'Do you think I have a chance?' ask other Manitobans with hefty U.S. hospital bills

Some border-town Manitobans have U.S. medical bills repaid, others left in debt

After one Manitoba resident living near the Canada-U.S. border had his hefty medical bills handled by the province, others are wondering whether they'll get the same treatment. 

It's common for people in Sprague, and other Manitoba communities along the border, to cross over to get medical treatment in the U.S. The province has a long-standing deal with Minnesota to cover the medical costs in emergency cases.

That's why it came as a shock when Robin Milne got a bill for $118,000 after being rushed to a Minnesota hospital for help while he was having a heart attack.

Health minister visits Minnesota 

Milne's bill wasn't covered, so he went public with his story and a GoFundMe was started to help pay for his bill — a cost that was partially offset this week after Manitoba Health Minister Kelvin Goertzen announced Milne wouldn't have to pay for most of the bill.

Goertzen recently travelled to Roseau, Minn. — where Milne originally went after suffering his heart attack — to meet with officials of the U.S. health care provider Altru and LifeCare, the U.S.-based emergency flight service that ended up transporting Milne from Roseau to Grand Forks, N.D.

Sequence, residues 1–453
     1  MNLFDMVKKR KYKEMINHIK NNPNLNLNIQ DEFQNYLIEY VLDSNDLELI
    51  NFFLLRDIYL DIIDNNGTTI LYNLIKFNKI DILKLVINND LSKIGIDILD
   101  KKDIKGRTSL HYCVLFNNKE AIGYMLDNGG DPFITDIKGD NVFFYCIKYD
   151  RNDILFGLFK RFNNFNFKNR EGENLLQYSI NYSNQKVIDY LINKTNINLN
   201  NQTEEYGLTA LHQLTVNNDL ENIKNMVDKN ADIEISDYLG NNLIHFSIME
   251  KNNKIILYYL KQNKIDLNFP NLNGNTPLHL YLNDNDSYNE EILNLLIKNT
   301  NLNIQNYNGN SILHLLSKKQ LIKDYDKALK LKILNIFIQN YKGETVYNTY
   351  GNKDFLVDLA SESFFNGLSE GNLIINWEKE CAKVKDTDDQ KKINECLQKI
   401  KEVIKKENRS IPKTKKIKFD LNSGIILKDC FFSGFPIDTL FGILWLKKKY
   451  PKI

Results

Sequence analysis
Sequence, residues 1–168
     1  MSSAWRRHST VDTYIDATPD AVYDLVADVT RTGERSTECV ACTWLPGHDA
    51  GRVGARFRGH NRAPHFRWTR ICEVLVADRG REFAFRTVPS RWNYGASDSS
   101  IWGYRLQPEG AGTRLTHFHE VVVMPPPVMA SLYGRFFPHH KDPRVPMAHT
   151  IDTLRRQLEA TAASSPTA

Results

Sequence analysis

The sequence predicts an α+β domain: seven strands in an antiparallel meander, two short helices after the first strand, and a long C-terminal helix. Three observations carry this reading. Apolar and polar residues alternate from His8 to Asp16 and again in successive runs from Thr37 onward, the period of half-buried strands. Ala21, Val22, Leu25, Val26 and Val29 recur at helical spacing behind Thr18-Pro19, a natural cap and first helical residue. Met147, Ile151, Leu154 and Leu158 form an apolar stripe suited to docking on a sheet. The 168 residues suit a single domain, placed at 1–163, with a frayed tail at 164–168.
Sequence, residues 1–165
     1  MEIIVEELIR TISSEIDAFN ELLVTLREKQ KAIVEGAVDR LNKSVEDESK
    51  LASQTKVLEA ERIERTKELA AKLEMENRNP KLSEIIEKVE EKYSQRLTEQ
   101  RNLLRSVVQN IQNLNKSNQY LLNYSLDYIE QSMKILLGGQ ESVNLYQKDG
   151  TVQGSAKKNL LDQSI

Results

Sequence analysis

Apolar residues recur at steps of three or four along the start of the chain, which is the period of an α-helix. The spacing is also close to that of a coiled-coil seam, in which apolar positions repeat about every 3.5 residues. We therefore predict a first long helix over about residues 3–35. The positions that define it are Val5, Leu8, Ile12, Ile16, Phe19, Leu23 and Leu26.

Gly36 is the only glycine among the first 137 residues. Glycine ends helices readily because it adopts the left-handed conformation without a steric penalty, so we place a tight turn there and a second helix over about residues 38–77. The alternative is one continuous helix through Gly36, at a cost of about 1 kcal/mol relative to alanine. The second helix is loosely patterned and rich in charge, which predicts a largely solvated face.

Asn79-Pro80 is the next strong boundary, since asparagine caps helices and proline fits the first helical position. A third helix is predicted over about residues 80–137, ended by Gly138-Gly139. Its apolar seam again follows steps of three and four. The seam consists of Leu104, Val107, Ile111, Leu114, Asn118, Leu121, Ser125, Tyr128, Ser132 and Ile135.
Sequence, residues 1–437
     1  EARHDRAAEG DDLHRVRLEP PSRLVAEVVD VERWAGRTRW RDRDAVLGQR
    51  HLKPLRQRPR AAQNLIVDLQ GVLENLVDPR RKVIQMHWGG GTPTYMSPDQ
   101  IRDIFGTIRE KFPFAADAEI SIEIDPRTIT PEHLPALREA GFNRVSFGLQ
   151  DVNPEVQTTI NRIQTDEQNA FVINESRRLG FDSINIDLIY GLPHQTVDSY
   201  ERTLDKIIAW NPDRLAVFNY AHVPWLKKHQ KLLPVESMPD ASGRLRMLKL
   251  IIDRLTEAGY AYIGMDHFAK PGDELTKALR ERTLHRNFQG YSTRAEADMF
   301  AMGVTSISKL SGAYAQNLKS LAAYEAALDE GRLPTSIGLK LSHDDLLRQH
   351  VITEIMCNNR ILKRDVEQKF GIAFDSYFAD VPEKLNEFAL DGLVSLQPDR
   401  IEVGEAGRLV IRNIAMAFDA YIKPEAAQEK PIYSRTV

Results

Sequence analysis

Forced to go to the U.S.

Andrew Thiessen, 69, said he remains hopeful the province will reimburse him for $40,000 in U.S. medical bills.

"I was kind of surprised that [Milne] got it this quickly," he said. "It's a terrific amount, right? But I was kind of thinking, because my amount isn't as big as his, that I'm hoping that they don't pass me by."

Thiessen said he had "no choice" when he was rushed to the U.S. with kidney failure in 2015 and put off paying the massive bill until a collections agency came calling. He sold a third of the land he owns to pay for the bill, which was a last resort — he had hoped to give it to one of his kids.

Still, he's hopeful the province will step up to help him.  

"I wouldn't say that I wouldn't expect it, because you have to expect anything, right?" he said. "I would be so happy, words couldn't even explain it."

"Do you think I have a chance?" he asked. 

Remortgaged, can't retire

Verna Kittleson, 62, is also hoping the province will reimburse her for some $65,000 she had to pay after getting emergency heart surgery in Grand Forks in 2015.

Kittleson took money out of her savings, had to remortgage her home and says she can't retire now because of the debt she's incurred.

"It's been very stressful," she said. 

Kittleson said the bill came as a surprise because she regularly goes for medical appointments in Roseau, Minn. and they are covered by Manitoba Health.

She said so far, she hasn't heard a thing about her bill. 

"I was happy for him, and I was hoping it would clear the way for others to get financial relief," she said. 

CBC has reached out to Health Minister Kelvin Goertzen's office for a response but has yet to hear back.